Straw embroideries in Azores (Portugal)

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Wheat or rye straw embroideries, typical of the island of Faial (Azores), are the ultimate representatives of a European craft very popular in the XIX century. Our investigation into the cultural use of plants in the Azores presents some examples of straw embroideries and information on the raw materials of plant origin used by the last embroideresses who keep this tradition alive. Azores and the straw embroidery The Azores Archipelago, located on the Mid-Atlantic Ridge, between Europe and North America, was uninhabited when the first Portuguese navigators arrived in 1427 and the arrival of Europeans had severe consequences for the natural ecosystems, that were replaced by agricultural lands, pastures, and, later, by woodlands of exotic trees. The Azores have a very rich flora, with 84 species and infra-species endemic taxa (, but few of the native and endemic plants are now used as raw materials because the material needs of the population rely almost entirely in introduced species. The traditional arts and crafts are also diverse, and it is in Azores that we find a unique European tradition – the straw embroidery. The European history of straw use for weaving is Millenia old, and we can find exquisite examples in many countries, such as in Belarus, which recently (2022) added this tradition to UNESCO List of Intangible Cultural Heritage ( but the pattern of straw work that we find in Azores is closer to the traditions recorded in France (Figure 1), Belgium, Italy, or Switzerland from the XVII century on, when straw was used to embroider in cotton, linen, or silk. An extraordinary sample of this ancient art is the Good Shepherd altar (Figure 2) made by French nuns from the Couvent des Annonciades [Convent of Annonciades], in Nozeroy, and now preserved at the local Collégiale Saint-Antoine [Collegiate Church of Saint-Antoine] (Fitch 1998). In the Azores, the straw embroideries are made in the island of Faial; one of the nine islands of the archipelago. The origin of this art in Azores is uncertain although tradition says it started in the middle of the XIX century, with a French embroidered hat sent from Boston to Faial, to inquire about the possibility of producing similar works in Azores. Local embroideresses studied the technique, perfected it and a new craft began (Andrade 2008). The fashion of using straw-embroidered fabrics was very much in vogue in the mid-nineteenth century, especially to adorn ball gowns (Figure 3) and accessories for festive use. The embroidery begins with the selection of the design, which depends on the piece of clothing the embroideress will create. The design is transferred to a thick paper which will be attached under the cotton or nylon tulle, the fabric to which the straw will be embroidered. The tulle is usually black but white tulle can also be used. The dried straw is obtained from locally grown wheat (Triticum aestivum L.) or rye (Secale cereale L.). To increase the golden shine of the straw, this may be dyed with safflower (Carthamus tinctorius L.) – a species grown in Azores for its flowers’ edible dye. The straw is always prepared by the embroideress, who cuts it from top to bottom with a splitter, dividing each straw in five or six long segments. After this operation, the inner straw layers are removed with a knife or an awl-like object to obtain the strips that will be embroidered directly in the tulle netting, without needles but with the aid of a thimble. Most of the embroidery is made with isolated stitches that do not touch each other (Figure 4). Fibers obtained from leaves of the American aloe (Agave americana L.) are used to create the lines that unite sections of the embroidery and to add details in the design, which usually has the shape of cereal ears, grapes, flowers, and other plant motifs (Silva 2006, Andrade 2008, Teixeira 2016). In the past, this embroidery was common in shawls (Figure 5), scarves, hats, table mats (Figure 6), and ball dresses used locally or exported to continental Europe and USA. The former American First Lady, Jacqueline Kennedy (1929-1994), used Azorean straw embroideries to reinforce the historical links this country has with Azores, where the oldest (1790) continuously operating USA consulate in the world is located ( Currently it is mainly a product for tourists, rarely used by the Azoreans, although it has a high cultural value to the Faial community. This craft has always been a feminine cottage industry and it is now protected and certified by law [Regional Government Ordinance 89/1998, Dezember 3rd], intended to add value and prestige to the last embroideresses who still maintain this plant-based tradition alive.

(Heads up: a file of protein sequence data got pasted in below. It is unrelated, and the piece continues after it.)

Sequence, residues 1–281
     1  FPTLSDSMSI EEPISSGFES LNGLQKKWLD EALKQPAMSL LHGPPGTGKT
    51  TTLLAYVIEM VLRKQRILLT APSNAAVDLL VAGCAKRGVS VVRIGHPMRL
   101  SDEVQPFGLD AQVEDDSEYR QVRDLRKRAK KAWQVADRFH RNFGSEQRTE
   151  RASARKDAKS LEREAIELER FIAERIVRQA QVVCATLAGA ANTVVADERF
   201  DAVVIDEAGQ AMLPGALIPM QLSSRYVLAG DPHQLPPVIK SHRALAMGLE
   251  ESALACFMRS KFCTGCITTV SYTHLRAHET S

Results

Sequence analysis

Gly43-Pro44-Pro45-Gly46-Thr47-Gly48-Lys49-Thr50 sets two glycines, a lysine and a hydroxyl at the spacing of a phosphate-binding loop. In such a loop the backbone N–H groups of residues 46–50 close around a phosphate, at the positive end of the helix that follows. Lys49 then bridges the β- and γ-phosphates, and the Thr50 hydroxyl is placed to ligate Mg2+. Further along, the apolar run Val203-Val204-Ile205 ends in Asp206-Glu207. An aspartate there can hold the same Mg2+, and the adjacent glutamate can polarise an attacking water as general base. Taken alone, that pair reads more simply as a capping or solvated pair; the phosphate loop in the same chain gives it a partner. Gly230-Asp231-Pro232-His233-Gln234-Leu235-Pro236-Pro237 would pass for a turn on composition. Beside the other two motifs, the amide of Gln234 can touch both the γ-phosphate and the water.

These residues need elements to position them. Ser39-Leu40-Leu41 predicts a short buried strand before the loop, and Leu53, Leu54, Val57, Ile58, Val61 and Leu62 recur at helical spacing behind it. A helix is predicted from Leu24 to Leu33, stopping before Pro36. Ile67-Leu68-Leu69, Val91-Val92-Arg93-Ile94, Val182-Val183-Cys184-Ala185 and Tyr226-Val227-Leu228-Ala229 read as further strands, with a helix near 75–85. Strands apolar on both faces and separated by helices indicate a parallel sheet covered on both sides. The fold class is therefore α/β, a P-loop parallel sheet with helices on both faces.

Original languageEnglish
Article number33
Pages (from-to)1-7
Number of pages7
JournalEthnobotany Research and Applications
Publication statusPublished - 18 Jun 2023


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